And here is one other aspect of Mumford’s score to explore: this quiet place, right where others might instead reach a dramatic climax, by its introverted nature becomes the climactic point of the work. Further reflection confirms Mumford’s observation that both the extroverted opening theme and this reflective theme are essentially the same theme. So, much in the matter of Franz Liszt, Mumford has transformed this theme into a remarkably contrasting theme and further solidified the organic unity of this work, which you may experience now at https://www.youtube.com/watch?v=9HvQHU47UXU.
There is a part of me that would appreciate a listing of the artwork displayed during this Adagio. Part of my desire here is to see if my cousin Jim Caldwell is represented, but also this multi-media presentation has made me much more curious about the gallery of art Mumford has skillfully curated for this presentation.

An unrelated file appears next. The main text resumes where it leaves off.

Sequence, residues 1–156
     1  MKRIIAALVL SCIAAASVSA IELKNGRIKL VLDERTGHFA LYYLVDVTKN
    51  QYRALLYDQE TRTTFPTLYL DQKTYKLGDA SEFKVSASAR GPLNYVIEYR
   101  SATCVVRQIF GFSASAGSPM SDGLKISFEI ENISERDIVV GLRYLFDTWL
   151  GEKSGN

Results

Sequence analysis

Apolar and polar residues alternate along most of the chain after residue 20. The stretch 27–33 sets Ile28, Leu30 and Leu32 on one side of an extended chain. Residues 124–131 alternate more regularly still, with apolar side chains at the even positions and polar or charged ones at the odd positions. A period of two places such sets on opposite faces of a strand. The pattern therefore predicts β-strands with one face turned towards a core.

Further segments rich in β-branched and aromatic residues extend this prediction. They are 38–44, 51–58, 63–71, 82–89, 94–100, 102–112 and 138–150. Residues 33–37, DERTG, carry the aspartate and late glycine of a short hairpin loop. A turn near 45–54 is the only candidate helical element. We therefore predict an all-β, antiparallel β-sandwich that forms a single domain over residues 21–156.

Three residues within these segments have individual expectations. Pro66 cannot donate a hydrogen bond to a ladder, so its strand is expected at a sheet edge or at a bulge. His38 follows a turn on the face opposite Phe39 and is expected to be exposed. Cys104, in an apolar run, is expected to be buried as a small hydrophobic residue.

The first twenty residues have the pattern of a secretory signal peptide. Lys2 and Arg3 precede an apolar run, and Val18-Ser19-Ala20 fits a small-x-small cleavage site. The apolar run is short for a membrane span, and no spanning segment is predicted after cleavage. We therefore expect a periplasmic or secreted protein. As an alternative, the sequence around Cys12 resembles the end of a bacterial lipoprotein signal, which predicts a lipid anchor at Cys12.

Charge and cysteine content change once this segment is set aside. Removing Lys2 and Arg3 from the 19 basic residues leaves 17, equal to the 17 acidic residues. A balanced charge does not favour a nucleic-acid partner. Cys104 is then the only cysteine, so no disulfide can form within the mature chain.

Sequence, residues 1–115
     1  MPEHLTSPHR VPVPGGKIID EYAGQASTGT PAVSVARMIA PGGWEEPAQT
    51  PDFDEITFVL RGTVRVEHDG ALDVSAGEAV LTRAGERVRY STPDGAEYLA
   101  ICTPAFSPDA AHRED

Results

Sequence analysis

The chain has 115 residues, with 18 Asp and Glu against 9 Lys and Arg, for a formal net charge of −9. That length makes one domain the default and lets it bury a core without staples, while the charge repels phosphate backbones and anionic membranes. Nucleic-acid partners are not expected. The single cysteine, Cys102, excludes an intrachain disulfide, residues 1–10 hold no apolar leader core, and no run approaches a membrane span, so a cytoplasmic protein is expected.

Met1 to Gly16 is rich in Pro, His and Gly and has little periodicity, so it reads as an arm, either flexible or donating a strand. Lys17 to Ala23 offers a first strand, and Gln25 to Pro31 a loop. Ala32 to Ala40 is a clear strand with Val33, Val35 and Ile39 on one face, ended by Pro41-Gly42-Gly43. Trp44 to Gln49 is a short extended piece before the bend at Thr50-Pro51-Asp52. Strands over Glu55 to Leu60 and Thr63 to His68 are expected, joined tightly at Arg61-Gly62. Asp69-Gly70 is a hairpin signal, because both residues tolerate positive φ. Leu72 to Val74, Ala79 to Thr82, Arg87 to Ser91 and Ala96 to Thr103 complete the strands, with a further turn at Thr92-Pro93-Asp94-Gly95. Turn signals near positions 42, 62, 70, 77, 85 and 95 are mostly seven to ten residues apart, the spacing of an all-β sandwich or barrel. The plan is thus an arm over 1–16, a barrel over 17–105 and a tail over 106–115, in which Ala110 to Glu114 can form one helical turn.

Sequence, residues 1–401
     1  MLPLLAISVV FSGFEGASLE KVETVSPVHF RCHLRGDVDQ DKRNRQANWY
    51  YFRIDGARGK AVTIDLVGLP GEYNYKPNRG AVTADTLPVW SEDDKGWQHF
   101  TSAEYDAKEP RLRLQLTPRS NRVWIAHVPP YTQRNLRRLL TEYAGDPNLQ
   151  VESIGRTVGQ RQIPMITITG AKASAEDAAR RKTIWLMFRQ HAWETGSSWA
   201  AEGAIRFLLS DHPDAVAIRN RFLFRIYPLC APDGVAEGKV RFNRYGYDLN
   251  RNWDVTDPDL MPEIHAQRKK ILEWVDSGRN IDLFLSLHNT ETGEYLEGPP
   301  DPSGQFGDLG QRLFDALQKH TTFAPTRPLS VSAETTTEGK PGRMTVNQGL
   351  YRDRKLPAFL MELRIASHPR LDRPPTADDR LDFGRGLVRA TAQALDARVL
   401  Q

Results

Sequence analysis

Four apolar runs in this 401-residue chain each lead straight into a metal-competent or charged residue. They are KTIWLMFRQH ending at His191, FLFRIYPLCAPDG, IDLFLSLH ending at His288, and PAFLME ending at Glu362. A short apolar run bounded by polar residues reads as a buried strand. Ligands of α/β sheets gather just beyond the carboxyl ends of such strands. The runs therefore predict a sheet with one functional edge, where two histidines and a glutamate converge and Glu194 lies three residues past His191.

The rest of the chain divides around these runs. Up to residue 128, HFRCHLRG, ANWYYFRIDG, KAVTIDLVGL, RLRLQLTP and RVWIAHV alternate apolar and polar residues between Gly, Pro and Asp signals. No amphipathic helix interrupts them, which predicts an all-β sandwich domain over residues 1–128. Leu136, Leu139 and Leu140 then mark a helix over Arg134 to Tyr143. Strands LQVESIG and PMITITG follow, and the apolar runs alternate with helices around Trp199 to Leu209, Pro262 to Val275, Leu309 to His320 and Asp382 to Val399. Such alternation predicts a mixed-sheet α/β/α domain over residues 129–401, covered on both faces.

In a week or two, I will conclude the Stanbery Chronicles by reviewing the music of Heather Niemi Savage and, of course, our dear departed friend Paul Stanbery, whose music, we instantly realized, had to end this concert and our Virtual Conference. Please join us again to discover why.